“For instance, a 1.5°C rise in temperatures would be better for agriculture than a 4°C rise with fewer physical impacts to the business, but this situation would almost certainly require rapid change in government policy and substantial economic transitions to low-emission solutions.”
Big policy changes, such as reduction targets for fossil fuels, can dramatically impact on business risk.
The Commonwealth Bank and ANZ are already starting to run these stress tests on their own lending portfolios to better understand their exposure to climate risk. Both have drilled down into agriculture as a significant part of their business.
The potential impact of climate change on agriculture can be alarming for those on the land, but the Commonwealth Bank’s analysis demonstrated that farm profitability can grow when the business is guided by a well-planned adaption and mitigation strategy.
The ANZ bank has developed lending guidance information to help their lenders assess the adaptability of agricultural businesses.
“It is likely that farm businesses that are not able to demonstrate a strategy for adaption and mitigation will face an increasing cost of borrowing and insurances,” says Ms. Turner.
“Sustainability-linked loans have taken off in Europe and are starting to gain traction in Australia. These general-purpose loans can be used for any commercial purpose and from the outset, sustainability targets are agreed between the lender and borrower. The interest rate is reviewed annually and there is an adjustment up or down depending on whether the targets have been achieved or not. For instance, a farm business may be able to borrow money at a reduced rate to convert to lower-emission machinery or install solar panels.”
These types of loans were initially only available to large corporations, with Sydney Airport negotiating the first sustainability-linked loan in Australia, but most of the mainstream banks are now looking to make them available to a broader range of businesses, including agriculture.
“The other climate-related financial risk that businesses face is legal liability, for example, for negligence or breach of contract,” Ms. Turner says. “We are already seeing this at a local government level, particularly with the recent bushfires.”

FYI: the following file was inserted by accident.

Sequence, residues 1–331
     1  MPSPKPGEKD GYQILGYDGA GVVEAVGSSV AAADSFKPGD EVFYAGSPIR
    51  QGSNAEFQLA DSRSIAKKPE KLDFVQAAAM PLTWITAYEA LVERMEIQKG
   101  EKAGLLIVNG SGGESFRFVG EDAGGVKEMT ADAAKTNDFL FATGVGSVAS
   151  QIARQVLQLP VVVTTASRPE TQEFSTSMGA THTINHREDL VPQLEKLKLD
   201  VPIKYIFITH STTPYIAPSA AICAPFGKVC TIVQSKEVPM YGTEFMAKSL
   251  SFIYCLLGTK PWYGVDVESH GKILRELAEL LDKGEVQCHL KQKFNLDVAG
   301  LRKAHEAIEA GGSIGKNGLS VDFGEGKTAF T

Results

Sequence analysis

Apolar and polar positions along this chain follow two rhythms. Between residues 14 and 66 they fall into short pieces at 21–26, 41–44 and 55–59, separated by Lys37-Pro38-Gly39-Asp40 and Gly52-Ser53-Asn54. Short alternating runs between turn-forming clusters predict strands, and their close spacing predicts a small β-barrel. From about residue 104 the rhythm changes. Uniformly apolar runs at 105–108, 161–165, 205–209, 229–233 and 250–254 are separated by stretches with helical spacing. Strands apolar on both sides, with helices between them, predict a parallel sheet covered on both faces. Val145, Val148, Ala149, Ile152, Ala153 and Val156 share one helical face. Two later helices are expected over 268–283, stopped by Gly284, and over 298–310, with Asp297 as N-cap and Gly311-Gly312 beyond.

In the past bushfires were considered an unforeseeable risk, but with the increasing frequency they are starting to be viewed as something that should be expected and planned for.
For agricultural businesses, weather events or supply-chain issues could potentially expose them to liability risks associated with not meeting contractual obligations, such as forward contracts.
With agricultural emissions firmly in the public spotlight, Australia’s Rural Research and Development Corporations are working to help their industries measure emissions and identify where reductions can be made.
For instance, in 2017 the Australian Red-Meat Industry set the aspirational target to achieve net zero annual greenhouse gas emissions by 2030, known as the Carbon Neutral by 2030 (CN30) Initiative. According to Meat and Livestock Australia (MLA), net annual emissions have reduced 57 per cent since the 2005 baseline year (Figure 2).
“Our red-meat producers are among the most innovative and resilient in the world. We believe they have a unique opportunity to use existing and emerging technologies and practices to be a significant part of Australia’s climate change solution, whilst being the trusted source of the highest quality protein,” said MLA Program Manager Sustainability and CN30 Doug McNicholl.
“CN30 has created an opportunity for our industry to turn today’s pressures into tomorrow’s opportunities for the Australian red meat industry.
“Under the CN30 initiative MLA and its R&D partners aim to help the industry to adapt to future market and environmental conditions, reduce emissions and improve carbon storage in grazing lands, while lifting productivity and profitability.”
Task Force on Climate-related Financial Disclosures Overview booklet
Meat and Livestock Australia Carbon Neutral 2030 Initiative